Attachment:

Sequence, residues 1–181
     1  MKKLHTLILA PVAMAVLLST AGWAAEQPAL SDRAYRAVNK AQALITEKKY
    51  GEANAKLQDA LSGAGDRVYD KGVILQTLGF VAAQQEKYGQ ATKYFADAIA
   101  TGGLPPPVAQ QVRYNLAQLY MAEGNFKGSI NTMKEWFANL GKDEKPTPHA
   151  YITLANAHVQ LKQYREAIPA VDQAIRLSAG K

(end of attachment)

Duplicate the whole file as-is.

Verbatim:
Sequence, residues 1–181
     1  MKKLHTLILA PVAMAVLLST AGWAAEQPAL SDRAYRAVNK AQALITEKKY
    51  GEANAKLQDA LSGAGDRVYD KGVILQTLGF VAAQQEKYGQ ATKYFADAIA
   101  TGGLPPPVAQ QVRYNLAQLY MAEGNFKGSI NTMKEWFANL GKDEKPTPHA
   151  YITLANAHVQ LKQYREAIPA VDQAIRLSAG K